Friday, July 13, 2018

Fires, alive

Lilias Trotter (1853-1928), a sketch in her journal

His earnest love, His infinite desires,
His living, endless, and devouring fires,
Do rage in thirst, and fervently require
  A love 'tis strange it should desire.

We cold and careless are, and scarcely think
Upon the glorious spring whereat we drink,
Did He not love us we could be content:
  We wretches are indifferent.

'Tis death, my soul, to be indifferent;
Set forth thyself unto thy whole extent,
And all the glory of His passion prize,
  Who for thee lives, Who for thee dies.

Traherne, 17th century

Wednesday, November 9, 2016

Not far from us, those stars

A voice and a song from long ago, from our dear Amy Carmichael.
Gold by Moonlight, 112-113, 156

But continually we look at things about us without seeing more than a very little of what is there.
We look up into the sky at noon and know that familiar constellations are passing over us, but we do not see them. Empty blue, or grey, or masses of cloud—that is all we see.

We look at a pool or any little runlet of softly flowing water; we are looking into fairyland; but we do not catch even a flutter of a fairy scarf. Water and the reflections and colours on its surface—that is all we see.

We know that we see in part where the material world is concerned. Why should we not be comforted where the spiritual is in question by remembering that there also we only see in part?

We dwell perpetually in the presence of far more than we can see. Our feelings say, "How can this good thing be?" but if God declares it is, that is enough.

Make me Thy labourer,
Let me not dream of ever looking back,
Let not my knees be feeble, hands be slack.
O make me strong to labour, strong to bear,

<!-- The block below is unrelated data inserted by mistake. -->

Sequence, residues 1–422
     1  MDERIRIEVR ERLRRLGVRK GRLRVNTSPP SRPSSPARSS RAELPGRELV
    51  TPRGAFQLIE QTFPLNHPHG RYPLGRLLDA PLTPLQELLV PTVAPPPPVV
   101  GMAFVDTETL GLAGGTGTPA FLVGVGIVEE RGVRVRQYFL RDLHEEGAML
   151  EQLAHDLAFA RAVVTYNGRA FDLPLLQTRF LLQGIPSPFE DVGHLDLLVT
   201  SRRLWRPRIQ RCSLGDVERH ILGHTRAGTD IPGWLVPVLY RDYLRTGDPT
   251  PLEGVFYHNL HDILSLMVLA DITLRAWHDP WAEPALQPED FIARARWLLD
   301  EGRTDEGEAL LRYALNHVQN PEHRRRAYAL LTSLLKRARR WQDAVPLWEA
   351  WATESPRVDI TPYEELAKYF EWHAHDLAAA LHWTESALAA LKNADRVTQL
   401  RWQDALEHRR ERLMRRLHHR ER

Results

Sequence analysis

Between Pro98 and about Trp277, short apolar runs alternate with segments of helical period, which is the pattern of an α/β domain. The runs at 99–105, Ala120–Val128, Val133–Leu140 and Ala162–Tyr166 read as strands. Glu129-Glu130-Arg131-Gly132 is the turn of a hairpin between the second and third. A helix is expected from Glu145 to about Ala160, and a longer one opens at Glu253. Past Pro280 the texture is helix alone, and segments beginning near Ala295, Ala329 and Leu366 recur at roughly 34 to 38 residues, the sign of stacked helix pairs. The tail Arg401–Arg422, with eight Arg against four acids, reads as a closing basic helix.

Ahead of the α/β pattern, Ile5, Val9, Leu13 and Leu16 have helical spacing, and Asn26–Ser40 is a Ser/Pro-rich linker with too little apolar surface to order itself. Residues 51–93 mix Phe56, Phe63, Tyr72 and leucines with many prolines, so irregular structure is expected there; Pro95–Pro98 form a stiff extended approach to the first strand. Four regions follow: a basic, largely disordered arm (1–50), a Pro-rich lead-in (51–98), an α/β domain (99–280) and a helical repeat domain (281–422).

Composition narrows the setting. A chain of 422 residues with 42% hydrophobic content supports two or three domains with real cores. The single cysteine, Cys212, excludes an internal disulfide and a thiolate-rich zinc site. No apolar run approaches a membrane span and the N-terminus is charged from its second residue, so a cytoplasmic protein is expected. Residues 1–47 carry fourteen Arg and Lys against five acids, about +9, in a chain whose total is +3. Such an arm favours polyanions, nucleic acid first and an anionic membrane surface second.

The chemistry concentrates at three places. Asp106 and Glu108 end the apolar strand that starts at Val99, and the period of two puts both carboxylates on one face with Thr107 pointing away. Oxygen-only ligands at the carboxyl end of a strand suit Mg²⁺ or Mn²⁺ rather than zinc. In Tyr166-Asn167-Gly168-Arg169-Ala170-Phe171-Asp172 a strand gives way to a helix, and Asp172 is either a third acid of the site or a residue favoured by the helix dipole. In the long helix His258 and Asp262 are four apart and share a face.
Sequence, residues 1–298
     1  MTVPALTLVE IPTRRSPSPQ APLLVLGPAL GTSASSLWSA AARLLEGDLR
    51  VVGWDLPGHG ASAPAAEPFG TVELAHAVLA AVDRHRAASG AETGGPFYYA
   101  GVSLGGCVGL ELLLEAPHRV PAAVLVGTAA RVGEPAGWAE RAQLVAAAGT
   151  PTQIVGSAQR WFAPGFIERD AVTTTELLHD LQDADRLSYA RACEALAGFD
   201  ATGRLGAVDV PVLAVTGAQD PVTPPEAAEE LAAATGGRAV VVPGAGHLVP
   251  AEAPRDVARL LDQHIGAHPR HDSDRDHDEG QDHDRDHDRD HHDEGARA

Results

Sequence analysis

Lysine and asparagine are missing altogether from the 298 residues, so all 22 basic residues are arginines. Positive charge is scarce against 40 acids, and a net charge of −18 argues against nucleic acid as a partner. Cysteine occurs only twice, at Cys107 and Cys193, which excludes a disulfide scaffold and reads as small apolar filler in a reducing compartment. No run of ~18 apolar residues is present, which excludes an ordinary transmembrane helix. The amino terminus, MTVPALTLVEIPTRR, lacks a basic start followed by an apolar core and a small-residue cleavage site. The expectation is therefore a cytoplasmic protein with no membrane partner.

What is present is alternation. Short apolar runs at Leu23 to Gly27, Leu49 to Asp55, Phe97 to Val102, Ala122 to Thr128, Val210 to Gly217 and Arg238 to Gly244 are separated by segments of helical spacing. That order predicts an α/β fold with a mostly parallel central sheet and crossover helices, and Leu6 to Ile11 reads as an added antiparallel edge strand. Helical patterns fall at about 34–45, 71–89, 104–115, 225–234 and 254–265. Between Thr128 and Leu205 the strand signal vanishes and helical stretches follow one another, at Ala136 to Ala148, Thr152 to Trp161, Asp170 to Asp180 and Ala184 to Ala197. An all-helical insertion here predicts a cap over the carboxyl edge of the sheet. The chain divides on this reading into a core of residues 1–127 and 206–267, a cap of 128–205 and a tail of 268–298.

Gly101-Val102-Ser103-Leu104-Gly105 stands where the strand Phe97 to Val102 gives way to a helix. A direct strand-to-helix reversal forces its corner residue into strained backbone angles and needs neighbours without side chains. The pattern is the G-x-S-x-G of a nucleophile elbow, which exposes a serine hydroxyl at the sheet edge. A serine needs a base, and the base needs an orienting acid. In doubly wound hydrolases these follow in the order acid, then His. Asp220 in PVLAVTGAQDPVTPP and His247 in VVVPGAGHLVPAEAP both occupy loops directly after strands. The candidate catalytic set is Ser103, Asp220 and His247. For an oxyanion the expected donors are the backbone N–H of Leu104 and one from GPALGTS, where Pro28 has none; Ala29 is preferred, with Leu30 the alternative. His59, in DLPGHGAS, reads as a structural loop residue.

From the rising of the morning till the stars appear.

Make me Thy warrior,
On whom Thou canst depend to stand the brunt
Of any perilous charge on any front.
Give me skill to handle sword and spear,
From the rising of the morning till the stars appear.

Not far from us, those stars—
Unseen as angels and yet looking through
The quiet air, the days' transparent blue.
What shall we know, and feel, and see, and hear
When the sunset colours kindle and the stars appear?

Saturday, October 29, 2016


Lilias Trotter (1853-1928), a sketch in her journal


Love, traveling in the greatness of His strength,
Found me alone,
Footsore and tired by the journey's length,
Though I had known
All the long way many a kindly air,
And flowers had blossomed for me everywhere.

And yet Love found me needing Him. He stayed;
Love stayed by me.
"Let not thy heart be troubled or dismayed,
My child," said He.
Slipped from me then, all troubles, all alarms,
For Love had gathered me into His arms.

 Amy Carmichael (1867-1951)

Monday, October 24, 2016

Hold me fast by Thee

Lilias Trotter (1853-1928), a sketch in her journal

Lover of all, I hold me fast by Thee,
Ruler of time, King of eternity.
There is no great with Thee, there is no small,
For Thou art all, and fillest all in all.

The new-born world swings forth at Thy command,
The falling dew-drop falls into Thy hand.